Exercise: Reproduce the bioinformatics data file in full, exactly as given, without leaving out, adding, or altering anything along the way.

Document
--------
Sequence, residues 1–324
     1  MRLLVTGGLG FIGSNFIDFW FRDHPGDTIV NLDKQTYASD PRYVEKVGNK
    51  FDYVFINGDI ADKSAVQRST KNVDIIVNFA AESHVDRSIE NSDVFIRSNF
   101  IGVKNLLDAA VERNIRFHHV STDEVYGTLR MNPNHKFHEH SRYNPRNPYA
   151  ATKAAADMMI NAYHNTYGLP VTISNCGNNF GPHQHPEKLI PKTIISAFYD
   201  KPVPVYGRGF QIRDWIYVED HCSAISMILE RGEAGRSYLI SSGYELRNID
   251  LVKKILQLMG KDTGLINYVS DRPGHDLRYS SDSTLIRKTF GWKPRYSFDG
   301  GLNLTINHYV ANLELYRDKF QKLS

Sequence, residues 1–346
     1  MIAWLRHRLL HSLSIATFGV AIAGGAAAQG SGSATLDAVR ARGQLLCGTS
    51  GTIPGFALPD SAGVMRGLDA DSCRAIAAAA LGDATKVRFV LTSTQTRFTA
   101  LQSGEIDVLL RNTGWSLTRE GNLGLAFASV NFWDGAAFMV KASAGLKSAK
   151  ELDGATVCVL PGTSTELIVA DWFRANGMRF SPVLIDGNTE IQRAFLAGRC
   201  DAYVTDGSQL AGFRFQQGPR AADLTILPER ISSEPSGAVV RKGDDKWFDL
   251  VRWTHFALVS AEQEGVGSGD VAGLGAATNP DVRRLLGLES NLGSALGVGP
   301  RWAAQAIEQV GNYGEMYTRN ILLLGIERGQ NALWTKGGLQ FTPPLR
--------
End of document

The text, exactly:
Sequence, residues 1–324
     1  MRLLVTGGLG FIGSNFIDFW FRDHPGDTIV NLDKQTYASD PRYVEKVGNK
    51  FDYVFINGDI ADKSAVQRST KNVDIIVNFA AESHVDRSIE NSDVFIRSNF
   101  IGVKNLLDAA VERNIRFHHV STDEVYGTLR MNPNHKFHEH SRYNPRNPYA
   151  ATKAAADMMI NAYHNTYGLP VTISNCGNNF GPHQHPEKLI PKTIISAFYD
   201  KPVPVYGRGF QIRDWIYVED HCSAISMILE RGEAGRSYLI SSGYELRNID
   251  LVKKILQLMG KDTGLINYVS DRPGHDLRYS SDSTLIRKTF GWKPRYSFDG
   301  GLNLTINHYV ANLELYRDKF QKLS

Sequence, residues 1–346
     1  MIAWLRHRLL HSLSIATFGV AIAGGAAAQG SGSATLDAVR ARGQLLCGTS
    51  GTIPGFALPD SAGVMRGLDA DSCRAIAAAA LGDATKVRFV LTSTQTRFTA
   101  LQSGEIDVLL RNTGWSLTRE GNLGLAFASV NFWDGAAFMV KASAGLKSAK
   151  ELDGATVCVL PGTSTELIVA DWFRANGMRF SPVLIDGNTE IQRAFLAGRC
   201  DAYVTDGSQL AGFRFQQGPR AADLTILPER ISSEPSGAVV RKGDDKWFDL
   251  VRWTHFALVS AEQEGVGSGD VAGLGAATNP DVRRLLGLES NLGSALGVGP
   301  RWAAQAIEQV GNYGEMYTRN ILLLGIERGQ NALWTKGGLQ FTPPLR